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Planetary: Crossing Worlds Paperback – April 1, 2004


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Product Details

  • Series: Planetary
  • Paperback: 192 pages
  • Publisher: Wildstorm (April 1, 2004)
  • Language: English
  • ISBN-10: 1401202799
  • ISBN-13: 978-1401202798
  • Product Dimensions: 6.5 x 0.5 x 10 inches
  • Shipping Weight: 5.6 ounces
  • Average Customer Review: 4.3 out of 5 stars  See all reviews (15 customer reviews)
  • Amazon Best Sellers Rank: #664,447 in Books (See Top 100 in Books)

Editorial Reviews

Review

The Ultimate Answer, January 2005; " I defy you to dislike it." --This text refers to an out of print or unavailable edition of this title.

About the Author

Warren Ellis' prolific writing can be seen on such varied and acclaimed titles as The Authority, Transmetropolitan, Lazarus Churchyard and the award-winning Planetary, as well as on the forthcoming Ministry of Space, Morning Drgons and Scars. John Cassaday is perhaps best known for his work on Planetary, but has also drawn the likes of Captain America, Union Jack and Daredevil. --This text refers to an out of print or unavailable edition of this title.

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Customer Reviews

The last novella is Ellis & series's artist John Cassaday at their absolute best.
Hadourien68
This is a good read for fans of Planetary, Batman,and/or Alternate Superhero History.
Charles F Royal
I didn't read all the series but getting this is like getting a couple comics in one.
dodgerofdeath

Most Helpful Customer Reviews

8 of 9 people found the following review helpful By Dave Jenkinson on April 15, 2004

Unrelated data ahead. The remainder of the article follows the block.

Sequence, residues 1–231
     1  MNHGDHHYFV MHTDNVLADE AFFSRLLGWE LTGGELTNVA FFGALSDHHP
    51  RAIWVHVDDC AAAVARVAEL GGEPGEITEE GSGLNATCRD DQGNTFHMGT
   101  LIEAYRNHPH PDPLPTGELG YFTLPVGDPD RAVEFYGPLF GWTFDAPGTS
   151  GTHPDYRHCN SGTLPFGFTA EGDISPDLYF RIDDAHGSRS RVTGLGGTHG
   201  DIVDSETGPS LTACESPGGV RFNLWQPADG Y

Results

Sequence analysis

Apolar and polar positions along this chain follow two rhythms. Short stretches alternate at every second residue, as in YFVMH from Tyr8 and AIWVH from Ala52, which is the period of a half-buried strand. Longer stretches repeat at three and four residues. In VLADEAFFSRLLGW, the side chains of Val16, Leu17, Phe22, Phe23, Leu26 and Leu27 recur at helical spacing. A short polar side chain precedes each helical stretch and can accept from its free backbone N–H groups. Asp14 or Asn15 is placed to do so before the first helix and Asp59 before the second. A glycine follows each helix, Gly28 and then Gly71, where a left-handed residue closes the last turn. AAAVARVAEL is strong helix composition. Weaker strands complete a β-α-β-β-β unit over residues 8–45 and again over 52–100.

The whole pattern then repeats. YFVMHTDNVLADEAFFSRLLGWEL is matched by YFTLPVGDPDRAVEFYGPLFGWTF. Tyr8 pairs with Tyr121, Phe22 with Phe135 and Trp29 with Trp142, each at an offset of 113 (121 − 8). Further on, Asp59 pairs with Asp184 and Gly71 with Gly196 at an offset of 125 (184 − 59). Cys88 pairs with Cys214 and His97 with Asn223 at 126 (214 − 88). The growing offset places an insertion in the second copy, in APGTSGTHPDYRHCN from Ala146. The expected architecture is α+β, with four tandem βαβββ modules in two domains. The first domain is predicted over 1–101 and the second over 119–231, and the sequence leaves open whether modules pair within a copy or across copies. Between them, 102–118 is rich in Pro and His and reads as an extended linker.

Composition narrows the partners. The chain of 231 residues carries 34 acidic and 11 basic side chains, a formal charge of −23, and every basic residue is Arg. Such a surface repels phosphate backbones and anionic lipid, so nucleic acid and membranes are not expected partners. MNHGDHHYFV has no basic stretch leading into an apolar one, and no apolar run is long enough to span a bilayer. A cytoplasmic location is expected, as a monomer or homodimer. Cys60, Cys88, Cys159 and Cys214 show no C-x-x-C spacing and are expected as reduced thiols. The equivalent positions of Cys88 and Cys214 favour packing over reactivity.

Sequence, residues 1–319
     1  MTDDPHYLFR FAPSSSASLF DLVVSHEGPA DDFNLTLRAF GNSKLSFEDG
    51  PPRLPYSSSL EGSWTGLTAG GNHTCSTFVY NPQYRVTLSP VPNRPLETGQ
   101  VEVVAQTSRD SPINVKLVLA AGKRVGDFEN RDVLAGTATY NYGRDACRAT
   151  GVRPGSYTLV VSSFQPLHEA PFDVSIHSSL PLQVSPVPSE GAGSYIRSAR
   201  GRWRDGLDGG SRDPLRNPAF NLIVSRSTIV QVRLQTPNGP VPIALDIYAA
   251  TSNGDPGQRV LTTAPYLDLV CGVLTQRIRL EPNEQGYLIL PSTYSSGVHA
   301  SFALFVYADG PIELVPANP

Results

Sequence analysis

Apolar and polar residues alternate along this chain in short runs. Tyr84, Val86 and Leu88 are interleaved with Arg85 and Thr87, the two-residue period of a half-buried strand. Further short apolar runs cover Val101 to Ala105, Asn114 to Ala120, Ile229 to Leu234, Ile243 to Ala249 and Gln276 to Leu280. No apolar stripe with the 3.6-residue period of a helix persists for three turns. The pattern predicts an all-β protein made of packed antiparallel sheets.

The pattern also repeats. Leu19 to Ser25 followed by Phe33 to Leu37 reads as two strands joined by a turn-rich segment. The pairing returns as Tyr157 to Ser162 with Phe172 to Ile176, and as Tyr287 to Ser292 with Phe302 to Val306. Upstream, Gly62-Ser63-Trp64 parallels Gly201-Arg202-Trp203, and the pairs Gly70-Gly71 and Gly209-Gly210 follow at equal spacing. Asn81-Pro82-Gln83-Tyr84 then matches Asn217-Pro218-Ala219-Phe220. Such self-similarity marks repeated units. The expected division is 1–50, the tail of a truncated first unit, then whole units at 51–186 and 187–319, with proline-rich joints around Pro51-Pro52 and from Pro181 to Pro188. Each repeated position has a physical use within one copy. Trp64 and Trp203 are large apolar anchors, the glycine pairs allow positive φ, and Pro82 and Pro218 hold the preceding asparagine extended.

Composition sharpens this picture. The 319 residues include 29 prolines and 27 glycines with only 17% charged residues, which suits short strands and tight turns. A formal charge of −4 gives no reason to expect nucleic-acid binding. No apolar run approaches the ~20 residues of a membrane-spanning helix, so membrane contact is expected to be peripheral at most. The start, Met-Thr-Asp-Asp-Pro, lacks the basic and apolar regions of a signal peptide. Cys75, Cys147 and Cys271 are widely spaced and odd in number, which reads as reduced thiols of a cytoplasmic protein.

Format: Paperback
Crossing Worlds collects three previous Planetary stories, all of them crossovers: Planetary/Authority in which both teams encounter the same evil Lovecraftian threat, then independently repel an invasion from the Bleed; Planetary/JLA where the heroless DC universe is ruled by the very Four-like Planetary corporation and it's up to Clark Kent, Diana Prince and Bruce Wayne to find out why; and lastly Planetary/Batman where the field team meet the Batman during an encounter with the son of Science City Zero survivor in Gotham City.
Planetary/JLA is the only one (seemingly) out of continuity with the series for those that care about that sort of thing. All three are good stories with great art. My only complaint is that each are very brief and could have benefited a great deal from an extra ten or so pages to let the story unfold.
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7 of 9 people found the following review helpful By James Todd Haney on February 2, 2006
Format: Paperback
PLANETARY, by Warren Ellis and John Cassaday, has been one of the most fascinating comic book series I've ever seen/read/enjoyed. It concerns the adventures of a group of mystery archeologists who go round the world uncovering the hidden bits that keep our world a strange place to be in, the way it SHOULD be. These bits take on the shapes of major comics culture touchstones embedded in the conciousness of die-hard fans (Monster Island, Superheroes, Sherlock Holmes, Doc Savage) but with that arcane twist that has made Ellis a great postmodern comics writer (anothe great title is GLOBAL FREQUENCY--ever wonder what the $6 Million Dollar Man would REALLY be like? Take a look, if you dare.)

The team, made up of: Elijah Snow, born at the turn of the 20th century, has the power to generate cold, cranky as all get-out and the founder of the Planetary Agency; Jakita Wagner, an orphan who hates to be bored and is as powerful as she is beautiful; and the Drummer, who can communicate with any and all mechanical devices with the help of his drumsticks, all roam the world, looking for the aforementioned "artifacts", but also trying to stop those that would with hold those wonders from the rest of us (ever wonder what the Fantastic Four would really be like--once again, look, if you dare).